Africa looks to fight piracy, illegal fishing and toxic waste


Africa must better protect its waters as it faces piracy on an ever-larger scale, illegal fishing and the dumping of toxic waste, a regional meeting on maritime security heard.

“Africa is surrounded by water, 38 African Union member states (out of 53) are islands or on the coast. Seas or oceans that are not secure are potential havens for criminal activities,” Bright Mando, an AU jurist, told a two-day meeting in the Ethiopian capital yesterday.
“African countries should cooperate and coordinate their efforts on maritime security. We need to act now,” he added.

Many countries do not have the means to watch or defend their coasts and have become a haven for pirates, for illegal fishing, for toxic waste dumping and in some cases for the trafficking of drugs and people.

Greenpeace recently undertook a one-month study in the waters between Morocco and Gambia and found 130 vessels, most of which were illegally trawling, the environmental group’s Africa director Michelle Ntab told AFP, Africasia reports.
“This type of illegal fishing is a threat to marine bio-diversity, particularly in west Africa where the majority of the population relies on fish,” she said.
“If a traditional fisherman has difficulty in reaching his daily quota he will go in search of other resources … Moreover there will be fewer fish on sale in the region’s markets and therefore a food security problem that will impact the dynamics of immigration,” she continued.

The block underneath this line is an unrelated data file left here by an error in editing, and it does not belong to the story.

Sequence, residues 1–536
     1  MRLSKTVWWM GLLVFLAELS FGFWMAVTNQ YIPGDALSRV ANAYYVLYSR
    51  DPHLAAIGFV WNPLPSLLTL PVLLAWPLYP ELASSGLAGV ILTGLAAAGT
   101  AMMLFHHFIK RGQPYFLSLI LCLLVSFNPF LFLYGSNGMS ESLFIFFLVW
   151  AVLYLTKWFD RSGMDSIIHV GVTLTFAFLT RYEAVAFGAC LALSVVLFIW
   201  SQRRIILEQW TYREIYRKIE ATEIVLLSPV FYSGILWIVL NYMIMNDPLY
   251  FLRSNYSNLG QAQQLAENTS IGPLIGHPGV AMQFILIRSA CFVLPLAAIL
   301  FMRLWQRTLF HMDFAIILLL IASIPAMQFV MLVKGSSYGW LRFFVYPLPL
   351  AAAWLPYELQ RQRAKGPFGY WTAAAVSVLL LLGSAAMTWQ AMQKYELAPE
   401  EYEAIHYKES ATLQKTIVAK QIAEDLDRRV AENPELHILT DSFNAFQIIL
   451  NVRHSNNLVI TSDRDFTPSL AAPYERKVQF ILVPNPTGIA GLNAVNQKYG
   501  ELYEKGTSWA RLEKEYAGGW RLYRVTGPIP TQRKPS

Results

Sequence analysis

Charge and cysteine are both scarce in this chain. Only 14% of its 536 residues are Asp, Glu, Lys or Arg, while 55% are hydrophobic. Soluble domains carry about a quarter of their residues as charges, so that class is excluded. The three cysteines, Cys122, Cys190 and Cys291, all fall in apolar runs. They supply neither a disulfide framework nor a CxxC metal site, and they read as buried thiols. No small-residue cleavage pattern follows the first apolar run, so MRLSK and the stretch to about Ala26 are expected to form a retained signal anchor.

Numerous experts at this week’s AU meeting on maritime security cited Somalia, which has seen a huge rise in piracy due to the chaos in the country since 1991.

Somalia is also a textbook case for maritime security, since it has suffered from the dumping of toxic waste as well as illegal fishing, which leaves fewer fish for local fishermen, who then turn to piracy.
“Piracy can only be addressed in a comprehensive manner. Pirates are not coming from the sea, but from the land,” El-Ghassim Wane, the AU’s peace and security director said.
“Restoring the TFG’s authority (that of Somalia’s transitional government, which has a foothold in the capital Mogadishu) is important but we also need to address social issues,” he said.
“That is why the international community should do more to fight illegal fishing and waste dumping off the coasts of Somalia,” Wane added.

When the conference opened Tuesday, Somali Deputy Prime Minister Abdulrahman Adan Ibrahim Ibbi called for outside help to clear toxic waste dumped illegally on his country’s vast coastline, arguing that the fight against dumping goes hand in hand with the fight against piracy.

In the past, various reports have noted toxic or radioactive waste dumped off the Somali coast by foreign companies taking advantage of the Horn of Africa nation’s anarchic state of clan warfare.

The Trafigura scandal in Ivory Coast demonstrated the limits of legal action in such cases even when there is a government in place.

That case stems from the August 2006 dumping of toxic waste from the Trafigura-chartered ship, the Probo Koala, on public rubbish tips around the Ivorian economic capital, Abidjan. The ship had earlier attempted to offload the waste in Amsterdam.

Seventeen people died and thousands were treated in hospital for poisoning.

Trafigura agreed in February 2007 to pay out a total of one hundred billion CFA francs (€152 million) in damages, in an out of court settlement, but it disclaimed responsibility for the dumping.

A deal was reached last February to unblock a further payment of €33 million in compensation to 31 000 victims of the disaster.

Pic: Probo Koala toxic ship